Every hobby and profession has its own language, and we astronomers certainly have ours. Some terms (zenith: the point straight up) are known by almost everyone. Others (Schwarzschild radius) are familiar only to professionals and serious amateurs.
Some are pure fun. They’re fun either because they sound intriguing, or else denote a little-known phenomenon that deserves wider recognition.
Some merely sound cool, like exeligmos. It’s a period of time: 54 years and one month. An exeligmos is how long you must wait before the same kind of eclipse returns to your neighborhood. So the fabulous six-and-a-half-minute North American total solar eclipse of July 11, 1991, seen from Baja California, gets a reprise in the US on August 12, 2045: an exeligmos later. That’ll be the longest totality in US history.
How about syzygy? Good Scrabble word (except you need a blank). That’s simply the three-way lineup of Earth, Moon and Sun, like at Full Moon.
Parhelion is the mellifluous name for a bright, colorful spot of light 22 degrees to the left or right of a lowish Sun. Its popular name is just as attractive: sundog. How can anyone not like that?
I like quadrature, too: the position of any superior planet – one outside of our orbit – when 90 degrees from the Sun in our sky. This month Jupiter is at quadrature, so it will hover in the south at its highest at nightfall. Look up this Saturday evening, June 3, and you’ll see Jupiter right next to the Moon. It’s a very cool conjunction – worth a look, trust me.
How about terminator? It sounds cold and icy, thanks to the movies, but that day/night line – which, on the Moon, creeps along the surface at 10 miles per hour to deliver exquisite high-relief shadowing – makes the terminator the place to look when hauling out any backyard scope. These nights, the terminator is optimally placed for peering at our nearest neighbor.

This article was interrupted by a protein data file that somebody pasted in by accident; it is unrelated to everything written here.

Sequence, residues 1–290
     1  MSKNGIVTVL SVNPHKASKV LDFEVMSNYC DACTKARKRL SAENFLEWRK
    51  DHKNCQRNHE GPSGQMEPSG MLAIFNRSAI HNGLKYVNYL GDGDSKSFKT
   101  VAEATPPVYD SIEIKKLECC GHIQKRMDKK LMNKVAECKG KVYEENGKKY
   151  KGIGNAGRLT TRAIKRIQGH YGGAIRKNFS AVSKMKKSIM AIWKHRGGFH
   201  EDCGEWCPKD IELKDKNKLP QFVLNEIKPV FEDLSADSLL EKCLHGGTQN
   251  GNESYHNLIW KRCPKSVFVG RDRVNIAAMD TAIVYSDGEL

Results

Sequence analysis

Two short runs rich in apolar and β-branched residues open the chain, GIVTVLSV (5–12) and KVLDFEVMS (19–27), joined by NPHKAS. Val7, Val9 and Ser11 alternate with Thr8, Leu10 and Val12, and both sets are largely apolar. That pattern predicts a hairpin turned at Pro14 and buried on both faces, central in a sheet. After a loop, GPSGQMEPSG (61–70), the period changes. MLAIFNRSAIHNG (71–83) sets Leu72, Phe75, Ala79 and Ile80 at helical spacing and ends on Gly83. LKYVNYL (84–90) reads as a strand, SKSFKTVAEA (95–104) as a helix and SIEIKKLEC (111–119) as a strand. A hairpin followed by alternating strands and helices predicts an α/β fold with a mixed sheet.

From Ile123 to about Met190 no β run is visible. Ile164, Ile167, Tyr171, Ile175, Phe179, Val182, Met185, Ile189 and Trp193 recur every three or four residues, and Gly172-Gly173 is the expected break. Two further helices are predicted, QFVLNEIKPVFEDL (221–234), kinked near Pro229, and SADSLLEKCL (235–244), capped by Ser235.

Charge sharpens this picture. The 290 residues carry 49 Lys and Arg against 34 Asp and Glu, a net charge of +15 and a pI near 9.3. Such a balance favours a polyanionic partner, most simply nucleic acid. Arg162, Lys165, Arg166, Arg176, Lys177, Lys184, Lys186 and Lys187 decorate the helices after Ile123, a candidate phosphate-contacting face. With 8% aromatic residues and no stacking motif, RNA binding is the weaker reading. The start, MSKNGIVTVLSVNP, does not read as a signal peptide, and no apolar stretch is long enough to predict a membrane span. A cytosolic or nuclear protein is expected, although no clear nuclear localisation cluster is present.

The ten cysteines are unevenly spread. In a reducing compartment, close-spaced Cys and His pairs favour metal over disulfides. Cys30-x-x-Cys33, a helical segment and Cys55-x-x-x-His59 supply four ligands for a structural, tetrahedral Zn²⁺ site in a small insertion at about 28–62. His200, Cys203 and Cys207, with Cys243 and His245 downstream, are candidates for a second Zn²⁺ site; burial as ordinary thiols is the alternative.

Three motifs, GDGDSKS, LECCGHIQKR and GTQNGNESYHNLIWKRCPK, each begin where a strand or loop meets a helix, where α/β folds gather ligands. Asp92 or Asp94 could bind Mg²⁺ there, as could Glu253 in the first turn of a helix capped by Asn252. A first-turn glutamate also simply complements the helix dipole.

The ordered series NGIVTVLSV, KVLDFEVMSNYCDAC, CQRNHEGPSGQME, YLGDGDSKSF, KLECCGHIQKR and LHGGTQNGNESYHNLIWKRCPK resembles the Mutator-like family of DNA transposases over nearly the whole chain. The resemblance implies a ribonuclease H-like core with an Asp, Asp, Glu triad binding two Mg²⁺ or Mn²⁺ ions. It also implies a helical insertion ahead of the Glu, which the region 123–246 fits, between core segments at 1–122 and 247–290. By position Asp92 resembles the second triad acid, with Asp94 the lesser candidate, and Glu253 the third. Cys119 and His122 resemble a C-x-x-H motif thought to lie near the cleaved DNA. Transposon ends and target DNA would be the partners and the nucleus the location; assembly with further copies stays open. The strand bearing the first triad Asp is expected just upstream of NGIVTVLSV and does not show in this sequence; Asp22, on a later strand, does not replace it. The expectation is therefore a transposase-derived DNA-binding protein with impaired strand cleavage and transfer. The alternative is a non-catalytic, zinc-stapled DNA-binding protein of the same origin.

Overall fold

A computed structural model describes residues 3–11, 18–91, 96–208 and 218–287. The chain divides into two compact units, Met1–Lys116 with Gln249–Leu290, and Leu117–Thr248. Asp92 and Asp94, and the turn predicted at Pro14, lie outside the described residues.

Event horizon is an appealing phrase; we need more like it. It’s a location at the Schwarzschild radius: the distance from a black hole’s singularity inside of which no natural object or even light can escape, because space/time is infinitely curved. Astro-terms don’t get much better than these.
Twilight wedge deserves to be here, too; and it’s something out of everyday life, rather than esoteric astrophysical theory. That’s the gray/blue horizontal band hugging the eastern horizon each evening at sunset. It’s nothing less than Earth’s shadow thrown into space. It’s striking and obvious, so why isn’t everyone aware of it?
While we’re out at dusk, check out crepuscular rays. They’re not visible every clear evening, like the twilight wedge, but they’re not rare. You’ve seen them. Those dramatic fairyland rays, emanating from just below the horizon, where the Sun lurks soon after sunset, come from shafts of light poking over the tops of clouds beyond the horizon. Crepuscular means “pertaining to twilight.” It sounds so lovely, I use the word as much as possible – even when it’s not appropriate.
Lagrangian point: Does that have zing or what? ’Twas named for Joseph-Louis Lagrange, who, two centuries ago, identified five places where small bits of rock like asteroids (or, these days, spacecraft) can float in happy stable positions in equilibrium with the gravities of two larger objects like a planet and the Sun, or the Moon and Earth. At such positions we’ve placed spacecraft like SOHO, monitoring the Sun, and WMAP, examining the cosmic microwave background. Next year the James Webb Space Telescope will be parked at a Lagrange point, too.
Two-word science terms that contain a color are automatically so catchy, they’re often repeated by the mass media: green flash, red giant, black hole, brown dwarf, red shift. Maybe too well-known to qualify for our list of esoterica, but snappy all the same.
Cerenkov radiation (sometimes spelled Kerenkov): That’s the blue-violet glow emitted when something breaks the light-speed barrier. How cool is that? Of course, nothing outruns light in a vacuum. But in denser media, like in a nebula or a nuclear reactor’s water-filled tank, that violet glow means subatomic particles are zooming around like faster-than-light roaches. Eerie.
I love the word Maria. It has two totally different meanings. Pronounced Ma-RYE-uh, as in Mariah Carey, it’s the first name of the great astronomer Maria Mitchell. A century ago she trailblazed the way for women astronomers from her observatory on Nantucket (worth a visit), then as Vassar’s first female professor. But pronounced differently, as MAR-ee-uh, they’re the black lava seas on the moon: the most prominent lunar features visible to the naked eye. Singular is Mare (MAR-ee or MAR-ay).
If you’d like to make this a competitive exercise, award yourself a point for each definition you already knew. Ten points earn you a one-year subscription to Modern Vacuum.